Matchless Mine Surface Workings

Matchless Mine Surface Workings

Gangue Dump Detail

Tailings Dump Detail

The underground workings of the mine followed the vein structure and focused on sending concentrated ore to the surface. Buckets carrying approximately one ton of ore per load (my estimate) were tipped into ore carts and rolled into the ore house for hand sorting. The most highly concentrated and valuable ore was dumped down a chute for loading into a rail car and the gangue (or tailings) was dumped into the gulch.  

An assay building (not shown) was on site to provide a continuous assay and accounting of silver sent to the smelter in Pueblo, Colorado. Unlike many other mine operators, Tabor owned a rail operation and had a spur at the mine for pickup and delivery of ore. Many mine operators had to employ mule-skinners to cart wagon loads of ore to a rail siding for transport to the nearest smelter.

In 1893 the repeal of the Sherman Silver Purchase Act and the collapse of the railroad industry bubble were part of a panic that lead to a crash in silver prices. Tabor lost everything and, as a respected public figure, was appointed postmaster of Denver for a short time. Eventually Tabor died at age 69 in 1899. Ex-wife Agusta had invested her divorce settlement wisely in Denver and lived comfortably. Widow Baby Doe Tabor was found frozen stiff in her shack at the Matchless Mine in 1935.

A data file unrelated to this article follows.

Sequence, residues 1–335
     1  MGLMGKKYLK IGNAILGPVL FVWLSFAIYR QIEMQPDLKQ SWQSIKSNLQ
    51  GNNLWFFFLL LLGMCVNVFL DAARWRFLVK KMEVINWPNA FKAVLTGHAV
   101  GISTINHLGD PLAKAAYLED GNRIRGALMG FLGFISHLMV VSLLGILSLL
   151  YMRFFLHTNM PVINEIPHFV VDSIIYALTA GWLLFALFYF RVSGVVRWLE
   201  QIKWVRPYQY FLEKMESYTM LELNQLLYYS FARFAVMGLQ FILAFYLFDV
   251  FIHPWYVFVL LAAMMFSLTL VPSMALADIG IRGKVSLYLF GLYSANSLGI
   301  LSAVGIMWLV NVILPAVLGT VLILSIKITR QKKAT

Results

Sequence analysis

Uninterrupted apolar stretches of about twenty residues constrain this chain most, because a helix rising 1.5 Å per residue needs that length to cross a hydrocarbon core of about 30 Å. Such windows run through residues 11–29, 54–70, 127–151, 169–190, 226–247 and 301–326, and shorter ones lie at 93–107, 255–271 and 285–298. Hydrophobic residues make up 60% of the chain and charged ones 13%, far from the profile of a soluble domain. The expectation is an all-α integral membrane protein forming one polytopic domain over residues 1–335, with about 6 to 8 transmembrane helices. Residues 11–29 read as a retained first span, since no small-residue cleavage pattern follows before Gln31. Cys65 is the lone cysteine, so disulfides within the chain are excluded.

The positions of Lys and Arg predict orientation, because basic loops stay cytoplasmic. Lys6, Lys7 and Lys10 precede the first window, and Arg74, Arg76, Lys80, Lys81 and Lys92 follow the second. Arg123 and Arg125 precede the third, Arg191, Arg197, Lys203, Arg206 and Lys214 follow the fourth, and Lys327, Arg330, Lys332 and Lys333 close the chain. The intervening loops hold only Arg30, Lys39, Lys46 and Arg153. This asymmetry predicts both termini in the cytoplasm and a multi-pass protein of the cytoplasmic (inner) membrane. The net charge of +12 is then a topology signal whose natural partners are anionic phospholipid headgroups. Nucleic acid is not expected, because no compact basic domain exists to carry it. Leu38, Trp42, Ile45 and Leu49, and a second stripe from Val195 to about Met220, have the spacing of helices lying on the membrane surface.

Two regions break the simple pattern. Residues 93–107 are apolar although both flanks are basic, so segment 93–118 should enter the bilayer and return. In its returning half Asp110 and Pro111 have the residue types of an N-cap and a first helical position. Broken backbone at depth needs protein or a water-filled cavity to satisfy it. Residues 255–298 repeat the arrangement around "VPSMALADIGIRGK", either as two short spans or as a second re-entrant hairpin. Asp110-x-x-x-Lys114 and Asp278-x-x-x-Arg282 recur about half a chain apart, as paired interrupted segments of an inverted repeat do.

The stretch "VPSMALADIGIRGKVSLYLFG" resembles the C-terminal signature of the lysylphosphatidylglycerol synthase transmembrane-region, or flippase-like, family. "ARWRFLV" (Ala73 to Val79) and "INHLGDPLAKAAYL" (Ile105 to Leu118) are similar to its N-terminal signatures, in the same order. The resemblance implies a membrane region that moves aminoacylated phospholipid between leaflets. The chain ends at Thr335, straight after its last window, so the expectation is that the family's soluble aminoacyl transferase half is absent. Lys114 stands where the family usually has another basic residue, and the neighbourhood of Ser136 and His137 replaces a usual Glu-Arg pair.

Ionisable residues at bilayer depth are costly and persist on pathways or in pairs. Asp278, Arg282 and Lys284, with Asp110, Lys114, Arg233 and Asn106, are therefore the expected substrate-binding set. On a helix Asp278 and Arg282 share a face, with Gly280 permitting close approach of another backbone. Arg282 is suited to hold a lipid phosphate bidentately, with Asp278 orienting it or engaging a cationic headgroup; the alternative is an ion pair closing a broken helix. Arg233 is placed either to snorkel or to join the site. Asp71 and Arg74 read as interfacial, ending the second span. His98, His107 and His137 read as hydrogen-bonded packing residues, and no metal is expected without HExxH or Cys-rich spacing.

Matchless Mine Shack

Matchless Mine Shack

All of the digging from the boom time of Leadville has left an enduring legacy for those who live in the watershed. Much of the mining activity occurred uphill, east of the city and as a result, that area is pock marked with many large colorful tailings heaps. While the colors are interesting to ponder and sample, the ground and surface waters are greatly affected by aqueous extraction of metals from these piles.

If you stand next to one of these heaps, you can’t help but notice the smell of sulfur. The ore and tailings are enriched in sulfides and once exposed to air and water, oxidation occurs to make corrosive runoff. This is a kind of heap leaching phenomenon that will eventually exhaust itself, but only at the cost of water quality.

Boomtown Legacy

Boomtown Legacy (Copyright 2009 All rights reserved)

I’ve been too busy inserting Mg into R-X bonds to pay attention to the www. The DSC is on the fritz and the ethernet is playing games with my TGA.  I need to run an FTNMR and a GCMS of my cpd ASAP. Luckily the HPLC is still spewing out results. I treated my headache with NSAID’s but my ADD is flaring up. The Jeep is in the shop, DOA, and I’m PO’d.  I need to gin up a procedure for the ARC and RC-1 tests. And, worst of all, I’m out of concentrated givashit. SSDD.

So there.